In the swiftly evolving realm of technology, generative artificial intelligence (AI) is a phenomenon that has captured the collective human imagination over its potential. This emergence has led to a crossroads between innovation and ethics with the expansion of AI, which can generate its content, igniting a potent blend of fascination and apprehension.
In this line, data acquired by Finbold indicates that as of August 2023, 62% of surveyed Americans are concerned about the growth of generative AI. A breakdown of the concerned individuals indicates that 30% are ‘mostly concerned,’ while 32% are ‘somewhat concerned.’ Another 16% indicated they were totally neutral, while 14% noted they were somewhat excited, with 7% indicating they were mostly excited. The survey, conducted in July, was based on responses from 1,001 American participants.
Elsewhere, generative AI has recorded the highest adoption rate in the United States, surpassing tablets and smartphones. The technology, which had an initial adoption rate of 7.8%, is expected to surge to 116.9% in the fourth year. In comparison, tablets rank second with a 12.9% adoption rate in the first year and 124.7% in the fourth year. These adoption rate figures are based on a June 2023 survey that gathered feedback from individuals of all ages who use each technology at least once per month.
Generative AI’s areas of concern
Generative AI, often dubbed “creative AI,” represents a subfield of artificial intelligence that employs machine learning to craft content, spanning text, images, music, and even entire works of art. These systems, nurtured by immense datasets and cutting-edge algorithms, have made astonishing strides in recent years, with OpenAI’s ChatGPT and Google Bard standing out as frontrunners.
Notably, amid the success of ChatGPT, as of August 10, the global demand for AI had spiked over 500% in 12 months, as per a Finbold report. While the potential to transform industries and democratize creativity is beyond dispute, the growth of generative AI also raises substantial questions. It’s important to highlight that AI concerns are context-dependent and closely tied to the particular application or use case, exhibiting notable variations across diverse industries.
For instance, job displacement worries are dominant since AI can now handle tasks once exclusive to humans. Generative AI also brings ethical complexities, like copyright, plagiarism, and authenticity issues. Distinguishing between human and AI-generated content is increasingly difficult, with potential misuse such as deepfakes and disinformation. Furthermore, biases in AI training data pose a risk of reinforcing stereotypes and social inequalities in AI-created content.
There is also a pervasive fear that the technology may dilute the authenticity of human creativity. Many argue that art’s essence lies in human experience and emotions. As generative AI becomes more common, the emotional connection between creators and audiences may weaken, raising questions about the future of human creativity.
Indeed, concerns about AI have raised red flags among prominent figures in the technology world. For instance, in May, Tesla (NASDAQ: TSLA) CEO Elon Musk stated that there is a risk associated with advanced AI, either eliminating or constraining humanity’s growth. Despite warning about these dangers, Musk has consistently emphasized the need for competition among existing key players. In line with this perspective, the executive is establishing his own AI startup, X.AI.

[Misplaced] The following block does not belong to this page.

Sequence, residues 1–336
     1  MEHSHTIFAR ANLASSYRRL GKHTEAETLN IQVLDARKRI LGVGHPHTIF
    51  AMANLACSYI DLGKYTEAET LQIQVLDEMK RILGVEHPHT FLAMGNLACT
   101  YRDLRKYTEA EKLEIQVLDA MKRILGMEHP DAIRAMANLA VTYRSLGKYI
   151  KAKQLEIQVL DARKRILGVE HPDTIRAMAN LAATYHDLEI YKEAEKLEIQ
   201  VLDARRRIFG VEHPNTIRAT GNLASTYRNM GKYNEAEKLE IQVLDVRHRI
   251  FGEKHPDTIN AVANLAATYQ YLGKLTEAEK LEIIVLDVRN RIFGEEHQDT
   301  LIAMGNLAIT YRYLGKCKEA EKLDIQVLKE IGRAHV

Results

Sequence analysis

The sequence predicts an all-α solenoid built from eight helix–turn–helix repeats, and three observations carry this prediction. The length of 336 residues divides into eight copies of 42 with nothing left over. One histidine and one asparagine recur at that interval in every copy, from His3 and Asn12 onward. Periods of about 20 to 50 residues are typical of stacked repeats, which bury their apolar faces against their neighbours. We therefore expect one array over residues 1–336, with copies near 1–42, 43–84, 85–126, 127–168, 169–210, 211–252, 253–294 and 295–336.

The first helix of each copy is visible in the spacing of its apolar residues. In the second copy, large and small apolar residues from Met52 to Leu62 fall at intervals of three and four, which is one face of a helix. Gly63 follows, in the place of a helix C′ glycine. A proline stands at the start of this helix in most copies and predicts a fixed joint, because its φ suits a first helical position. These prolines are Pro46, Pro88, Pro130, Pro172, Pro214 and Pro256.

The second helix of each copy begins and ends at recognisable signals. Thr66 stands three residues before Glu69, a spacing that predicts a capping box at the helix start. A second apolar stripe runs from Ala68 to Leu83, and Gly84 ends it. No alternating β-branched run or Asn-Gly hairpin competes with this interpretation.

In the meantime, governments worldwide are grappling with the challenge of regulating AI. Recently, members of the European Parliament endorsed the EU’s proposed Artificial Intelligence Act, which establishes a rigorous legal framework for AI compliance by companies. Elsewhere, the UK, which outlined its AI vision in March, opted against creating a dedicated AI regulator and assigning oversight responsibilities to existing bodies.
In the United States, lawmakers have expressed concerns about the adequacy of existing voluntary codes. Meanwhile, China plans to require companies to notify users whenever AI algorithms are employed.
Drivers of AI adoption
Notably, the growth of generative AI is driven by a combination of technological advancements, increased access to data, and a growing demand for AI-driven solutions complimented by consumer demand. The demand is touted to elevate the industry to hit $1.8 trillion in 2030.
Overall, the appeal of the technology lies in its transformative potential and ability to address various human needs and aspirations. As businesses aim to streamline operations and boost efficiency through automation, AI-powered tools are pivotal in achieving these objectives.
Moreover, the increasing accessibility of AI is expected to usher it into new industries and applications. Government investments in research and development and regulations promoting ethical and responsible AI use are poised to be additional drivers for expanding the market.
In essence, proponents of this technology emphasize the importance of striking a delicate balance: harnessing AI’s capabilities to augment human creativity while concurrently addressing the associated concerns. This equilibrium should enable AI to enrich human creativity rather than supplant it entirely.